On Wednesday morning, light snow fell in the northern mountains, then another round of light snow hit the northern and central mountains on Wednesday night. On Thursday and Friday, the focus should shift to the southern mountains were 4-8 inches is possible through Friday midday. Looking ahead, the weekend and early next week will be dry, then we should see chances for snow on December 12-13 and again next weekend, December 15-16.
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Short Term Forecast
State of the Snowpack (clarified)
In yesterday’s post, I showed the image below, which presented the percent of average snowpack by river basin. The southern mountains appear to be about 15-20% below average.
The reality is that the situation is more nuanced in the southern mountains (not unexpected since snow and weather is usually about nuance!).
The map above, showing one number for the snowpack for each river basin, is compiled based on many backcountry SNOTEL weather stations. The map below shows all of these stations, color-coded based on each station’s percent of average snowpack.
Below, I’m going to zoom into the northern part of the southern mountains, shown by the blue box in the graphic above.
When we look at the northern part of the southern mountains, around Telluride and Silverton, we can see five nearby SNOTEL stations with percent of average snowpack ranging from 67% to 105% (the black numbers).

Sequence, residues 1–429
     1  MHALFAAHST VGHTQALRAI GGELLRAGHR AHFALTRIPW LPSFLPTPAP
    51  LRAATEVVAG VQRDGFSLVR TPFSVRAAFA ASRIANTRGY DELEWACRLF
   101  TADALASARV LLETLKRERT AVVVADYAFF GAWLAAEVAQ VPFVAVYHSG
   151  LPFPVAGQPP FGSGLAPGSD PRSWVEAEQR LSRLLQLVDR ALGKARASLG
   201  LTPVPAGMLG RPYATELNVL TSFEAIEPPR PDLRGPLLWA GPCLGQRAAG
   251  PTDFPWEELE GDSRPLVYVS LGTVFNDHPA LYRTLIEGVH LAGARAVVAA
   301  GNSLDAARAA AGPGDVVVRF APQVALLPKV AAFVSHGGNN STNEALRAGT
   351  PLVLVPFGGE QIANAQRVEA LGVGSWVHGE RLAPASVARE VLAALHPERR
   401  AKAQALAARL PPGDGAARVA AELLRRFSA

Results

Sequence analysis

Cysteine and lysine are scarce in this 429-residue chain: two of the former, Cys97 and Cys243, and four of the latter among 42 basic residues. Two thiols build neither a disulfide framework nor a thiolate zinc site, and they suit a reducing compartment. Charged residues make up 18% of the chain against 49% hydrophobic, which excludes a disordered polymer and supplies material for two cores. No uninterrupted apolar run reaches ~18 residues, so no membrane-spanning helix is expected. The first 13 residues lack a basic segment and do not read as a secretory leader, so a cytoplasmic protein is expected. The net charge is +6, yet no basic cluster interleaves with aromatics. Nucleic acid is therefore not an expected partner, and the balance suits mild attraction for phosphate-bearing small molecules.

When we average the stations to estimate the snowpack at Telluride and Silverton, weighting the stations higher that are closer to Telluride and Silverton, we arrive at an estimated snowpack of about 102% for each of these ski areas.
The graphic below for Silverton (which is created and updated daily by us here at OpenSnow, is available for every ski area and backcountry area in the western US and Canada, and can be seen by OpenSnow All-Access subscribers) shows that the estimate for Silverton’s snowpack is about 102% of average.
The reason I am writing all of this is to remind myself and all of us that there is significant variation in the snowpack within each region, and looking at the details of some southern mountains areas show that snowpack is much closer to the average than the simple basin-wide graphic suggests.
Snow recap from Wednesday and Wednesday night
One wave of light snow hit the northern mountains on Wednesday morning, dropping 1-2 inches of flakes. Then another wave of light snow hit the northern and central mountains on Wednesday night, and this wave dropped 1-4 inches.
Below are the 24-hour snow reports from Wednesday morning to Thursday morning. The majority of the reported snow fell on Wednesday evening.
Arapahoe Basin: 4”
Aspen Highlands: 4”
With the addition of these few inches of fresh snow, conditions will stay soft over the central and northern mountains on Thursday. Let the good times roll!
Thursday through Friday night
The next round of precipitation should bring light to moderate snow to the southern and central mountains from Thursday midday through Friday afternoon.